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Editorial Reviews

Benson Bobrick
… Ball demonstrates an exuberant command of the field. The Devil's Doctor, his life of Paracelsus, the innovative Renaissance magus, is very much a life in context. We learn about early mining technology, the history of chemistry, Renaissance education, metallurgy, alchemy, medicine, Neoplatonic and Hermetic doctrine, the traditions of Arabic science, the life of a military surgeon and the internecine warfare of the Italian city-states. We get miniature histories of cobalt and zinc and a beguiling account of the etymology of the word "alcohol." As for the amazing wanderings of Paracelsus himself, Ball tracks him with satellite-like precision all over the known world. To do this, you have to know the geography and history of the period inside out.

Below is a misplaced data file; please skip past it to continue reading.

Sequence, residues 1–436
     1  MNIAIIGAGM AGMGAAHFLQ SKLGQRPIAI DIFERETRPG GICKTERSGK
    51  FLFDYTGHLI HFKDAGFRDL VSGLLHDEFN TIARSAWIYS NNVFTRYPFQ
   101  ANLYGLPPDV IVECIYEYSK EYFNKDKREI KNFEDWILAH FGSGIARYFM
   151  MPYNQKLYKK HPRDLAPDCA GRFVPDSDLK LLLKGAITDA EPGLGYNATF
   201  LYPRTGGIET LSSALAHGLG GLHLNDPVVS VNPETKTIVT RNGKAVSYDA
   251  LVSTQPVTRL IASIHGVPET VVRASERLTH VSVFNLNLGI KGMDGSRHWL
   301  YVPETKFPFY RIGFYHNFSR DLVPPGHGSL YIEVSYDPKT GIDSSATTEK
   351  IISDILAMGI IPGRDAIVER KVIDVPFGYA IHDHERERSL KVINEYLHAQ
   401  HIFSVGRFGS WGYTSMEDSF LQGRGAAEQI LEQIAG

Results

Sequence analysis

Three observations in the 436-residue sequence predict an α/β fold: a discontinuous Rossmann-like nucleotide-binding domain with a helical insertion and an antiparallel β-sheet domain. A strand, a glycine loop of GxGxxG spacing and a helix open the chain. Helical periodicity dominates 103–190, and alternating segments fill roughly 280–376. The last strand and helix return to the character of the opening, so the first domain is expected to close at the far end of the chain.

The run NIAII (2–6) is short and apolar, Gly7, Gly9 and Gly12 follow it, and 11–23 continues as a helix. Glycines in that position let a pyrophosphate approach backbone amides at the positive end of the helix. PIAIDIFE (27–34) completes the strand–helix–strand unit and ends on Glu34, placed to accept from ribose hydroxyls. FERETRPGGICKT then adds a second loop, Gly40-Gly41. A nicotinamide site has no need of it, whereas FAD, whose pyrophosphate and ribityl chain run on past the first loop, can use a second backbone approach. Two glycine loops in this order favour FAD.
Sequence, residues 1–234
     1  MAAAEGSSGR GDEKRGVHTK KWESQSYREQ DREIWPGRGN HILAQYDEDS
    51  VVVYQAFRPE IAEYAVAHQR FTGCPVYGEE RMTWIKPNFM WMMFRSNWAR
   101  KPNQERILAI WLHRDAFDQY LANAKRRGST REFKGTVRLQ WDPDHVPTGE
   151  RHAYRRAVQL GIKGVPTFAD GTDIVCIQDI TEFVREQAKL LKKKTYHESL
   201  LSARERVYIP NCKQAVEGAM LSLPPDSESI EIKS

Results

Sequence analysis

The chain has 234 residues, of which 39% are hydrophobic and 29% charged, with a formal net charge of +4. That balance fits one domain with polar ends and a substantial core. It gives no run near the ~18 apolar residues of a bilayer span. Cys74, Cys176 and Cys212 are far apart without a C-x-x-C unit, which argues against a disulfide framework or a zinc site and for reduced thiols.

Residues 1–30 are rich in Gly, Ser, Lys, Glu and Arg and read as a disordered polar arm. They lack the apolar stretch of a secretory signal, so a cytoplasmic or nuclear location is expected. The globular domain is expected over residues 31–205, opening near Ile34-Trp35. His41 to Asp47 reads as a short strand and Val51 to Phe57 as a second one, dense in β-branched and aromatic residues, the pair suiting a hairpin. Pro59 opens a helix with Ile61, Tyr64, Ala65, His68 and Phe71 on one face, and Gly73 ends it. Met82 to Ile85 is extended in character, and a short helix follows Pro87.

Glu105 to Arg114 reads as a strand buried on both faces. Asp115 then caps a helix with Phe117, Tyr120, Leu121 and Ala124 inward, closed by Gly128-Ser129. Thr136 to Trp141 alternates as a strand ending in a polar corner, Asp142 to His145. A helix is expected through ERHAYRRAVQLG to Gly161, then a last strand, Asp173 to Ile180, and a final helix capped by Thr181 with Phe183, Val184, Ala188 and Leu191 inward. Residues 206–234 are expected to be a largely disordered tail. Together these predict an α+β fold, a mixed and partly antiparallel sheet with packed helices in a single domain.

— The Washington Post
Publishers Weekly
If one really wants to understand the contradictions and "intellectual ferment" of the 16th century, says Ball, one should look not at Luther or Copernicus, but at the much-maligned Paracelsus. Born in Switzerland in 1493, Philip Theophrastus Bombastus von Hohenheim, aka Paracelsus, is a figure often more imagined than known. Famous as a doctor of alchemic medicine, he has been compared with Faust and developed a reputation as a miracle worker and charlatan that only grew after his death in 1543. Ball, author of the prize-winning Critical Mass, mixes scant biographical detail with a wide-ranging evocation of the Renaissance worldview to create a fascinating portrait of the man, his age and his historical reputation. Forays into ancient, medieval and Islamic medicine, academic rivalries, the proliferation of publications, and treatments of syphilis all help to recreate the mindset in which doctor and patient lived. Concepts of magic as simply the hidden qualities of nature, and the blurring of poison and medicine demonstrate how what we call science and magic overlapped. Ball produces a vibrant, original portrait of a man of contradictions: "[a] humble braggart, a puerile sage, an invincible loser, a courageous coward, a pious heretic, an honest charlatan...." 50 b&w illus. (Apr.) Copyright 2006 Reed Business Information.
Library Journal